Made off with a knot at each end…

But first…
Dulltown, Europe: Today’s featured letter of the alphabet is the capital ‘O’.
So clever how he balances on his circumference like that. The other letters of the alphabet do like him, but in private they refer to him as ‘Mr Egg-face’, and now, after recent events, as ‘Eggy McEggface’… (B McB)
>>>>>>>>>>>>>>>>>>>>>>>>>>>>>>>>>>>>>>>>>>>>>>>>>>>>>>>>>>>>>>

Oh, I’m so glad that I found this book in that junk shop a few years ago. Yes, it’s The 1954 Gadgets Annual, a very dull looking hardback with drab reddish cover and a grubby cream spine. Here is a nice picture of the title page though:

DSCN3900It is of course a compilation of items, by someone called W. N. Shaw, from Gadgets Magazine; I wonder if it was a weekly or a monthly?
Back in the 1950s, when there wasn’t much money around, everyone was busy repairing things and inventing useful items for use around the home, the garden, and the little garden shed workshop. There are three or four items on each of its 160 pages; shall we flick through and read some of the headings?
A Proportional Scale for Photographic Work; Mending the Pastry-Board; A Double-Ended Electrical Clip; Self-Adhesive Metal Stencils; A Useful Kitchen Scoop; An Easy Way of Changing Hot Light Bulbs; A Celery Stick Cleaner (Adapt an old knife), etc…
Let’s have a look at page 86:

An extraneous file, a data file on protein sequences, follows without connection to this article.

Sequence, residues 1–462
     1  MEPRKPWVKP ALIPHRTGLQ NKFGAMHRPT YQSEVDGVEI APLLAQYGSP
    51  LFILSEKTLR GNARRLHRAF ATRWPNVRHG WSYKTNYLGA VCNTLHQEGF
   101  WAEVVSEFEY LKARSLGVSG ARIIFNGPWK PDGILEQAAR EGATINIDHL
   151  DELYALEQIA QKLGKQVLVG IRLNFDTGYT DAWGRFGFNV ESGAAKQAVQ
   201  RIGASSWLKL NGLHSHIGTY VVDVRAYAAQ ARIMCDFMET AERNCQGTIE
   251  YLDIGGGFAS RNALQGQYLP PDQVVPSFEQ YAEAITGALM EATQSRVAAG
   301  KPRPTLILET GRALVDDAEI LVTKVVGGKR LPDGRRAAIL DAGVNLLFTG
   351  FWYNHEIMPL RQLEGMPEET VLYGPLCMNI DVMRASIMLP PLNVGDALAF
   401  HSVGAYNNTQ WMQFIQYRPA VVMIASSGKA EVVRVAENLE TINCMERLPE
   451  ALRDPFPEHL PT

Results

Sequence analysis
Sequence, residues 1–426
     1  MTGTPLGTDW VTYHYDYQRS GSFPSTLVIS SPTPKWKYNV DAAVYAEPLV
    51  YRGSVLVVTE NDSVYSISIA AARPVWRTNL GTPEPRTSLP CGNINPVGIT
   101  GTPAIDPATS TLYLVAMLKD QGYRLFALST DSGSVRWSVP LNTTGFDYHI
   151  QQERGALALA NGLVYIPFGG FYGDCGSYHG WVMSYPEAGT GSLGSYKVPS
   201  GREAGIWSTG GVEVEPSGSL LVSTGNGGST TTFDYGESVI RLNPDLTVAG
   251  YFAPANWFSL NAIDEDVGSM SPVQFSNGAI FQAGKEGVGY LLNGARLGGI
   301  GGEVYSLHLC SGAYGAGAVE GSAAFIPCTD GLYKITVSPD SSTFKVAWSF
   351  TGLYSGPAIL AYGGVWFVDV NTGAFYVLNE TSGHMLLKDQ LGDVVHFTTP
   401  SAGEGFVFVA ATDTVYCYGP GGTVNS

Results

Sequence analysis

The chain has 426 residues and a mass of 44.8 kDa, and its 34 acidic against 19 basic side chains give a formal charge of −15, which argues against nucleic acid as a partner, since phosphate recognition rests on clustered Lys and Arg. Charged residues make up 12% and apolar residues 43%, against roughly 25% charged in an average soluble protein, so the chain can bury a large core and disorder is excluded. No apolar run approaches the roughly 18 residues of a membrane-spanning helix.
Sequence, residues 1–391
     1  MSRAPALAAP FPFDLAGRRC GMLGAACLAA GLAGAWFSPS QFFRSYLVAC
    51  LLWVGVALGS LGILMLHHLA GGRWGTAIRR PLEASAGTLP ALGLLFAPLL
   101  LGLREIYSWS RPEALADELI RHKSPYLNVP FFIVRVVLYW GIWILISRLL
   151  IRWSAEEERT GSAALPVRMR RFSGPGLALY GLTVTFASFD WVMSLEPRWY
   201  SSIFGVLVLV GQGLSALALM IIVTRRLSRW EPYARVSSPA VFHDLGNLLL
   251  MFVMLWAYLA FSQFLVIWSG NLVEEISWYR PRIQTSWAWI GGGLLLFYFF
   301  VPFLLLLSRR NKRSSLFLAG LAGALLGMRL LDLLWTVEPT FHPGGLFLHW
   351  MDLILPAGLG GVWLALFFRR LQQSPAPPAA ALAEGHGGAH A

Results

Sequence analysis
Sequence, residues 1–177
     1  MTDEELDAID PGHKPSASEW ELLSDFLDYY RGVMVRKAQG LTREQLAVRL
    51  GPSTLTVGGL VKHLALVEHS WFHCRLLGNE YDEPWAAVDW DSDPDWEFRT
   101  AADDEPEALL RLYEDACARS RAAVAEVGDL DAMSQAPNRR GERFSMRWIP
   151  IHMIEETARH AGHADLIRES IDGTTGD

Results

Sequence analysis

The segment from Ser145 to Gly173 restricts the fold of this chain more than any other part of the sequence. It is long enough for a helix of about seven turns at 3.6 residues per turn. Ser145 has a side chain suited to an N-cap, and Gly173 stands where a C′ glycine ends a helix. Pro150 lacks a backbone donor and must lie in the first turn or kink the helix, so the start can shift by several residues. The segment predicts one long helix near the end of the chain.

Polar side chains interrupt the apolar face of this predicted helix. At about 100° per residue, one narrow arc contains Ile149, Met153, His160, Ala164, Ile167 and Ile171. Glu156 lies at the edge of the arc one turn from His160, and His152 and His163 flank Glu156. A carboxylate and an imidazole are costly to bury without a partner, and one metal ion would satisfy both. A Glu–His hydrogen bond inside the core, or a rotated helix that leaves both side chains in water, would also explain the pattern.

DSCN4355
‘Mm… This is very nice black pudding Madge.’
‘Yes, it is isn’t it? It’s from that new butchers on the High Street. What’s that you are so engrossed in? You know I don’t approve of your reading at the breakfast table… Oh Albert, it’s that silly Gadgets Magazine again!’
‘It’s not silly Madge… in fact, I’m just boning up on how we can make the kitchen look a bit more modern...’
‘Oh?… Let me have a look, pass the silly thing over.’
‘Do you remember those pieces of brightly coloured plastic tubing that your brother Tommy gave us?’
‘No…’
‘Oh, you must remember, he got them from work and…’
‘No Albert… I mean no! We are not having bits of gaudy cheap plastic hanging from bits of string on our kitchen drawers.’
‘The magazine says that they’ll look ‘attractive and different’ Madge.’
‘Well, they are lying Albert… Another piece of fried bread?’
‘Yes please dear…’

 

About Dave Whatt

Grumpy old surrealist artist, musician, postcard maker, bluesman, theatre set designer, and debonair man-about-town. My favourite tools are the plectrum and the pencil...
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5 Responses to Made off with a knot at each end…

  1. Ahh, simpler days, i believe i was born too late

  2. Aye, that plastic tubing sounds like a good idea! And I’ll pass on the fried bread…its been years since I had that. My Great Uncle used to eat tripe a lot – traditional Yorkshireman he was. Can’t stand the stuff, myself, but each to their own I suppose. Oh, and does your book suggest any way of getting a broken lightbulb out of a socket? Mine has exploded and I’m afraid to touch the remnants….. 😦

    • Dave Whatt says:

      Well my dear S, touching the remnants should be fine so long as the power is DEFINITELY SWITCHED OFF!… Gloves and wellingtons might be an idea too.
      Tripe: Errr no… Too floppy and pale for me!…
      “Touching the Remnants” What a great novel that was!

      • Yes, tripe looks pretty disgusting. Thanks for the tips on adorning oneself in rubber, yes that would be helpful….I have also now read that a raw potato is involved (for gripping the shards of glass). Hmm, what a peculiar sight that shall make! 😀

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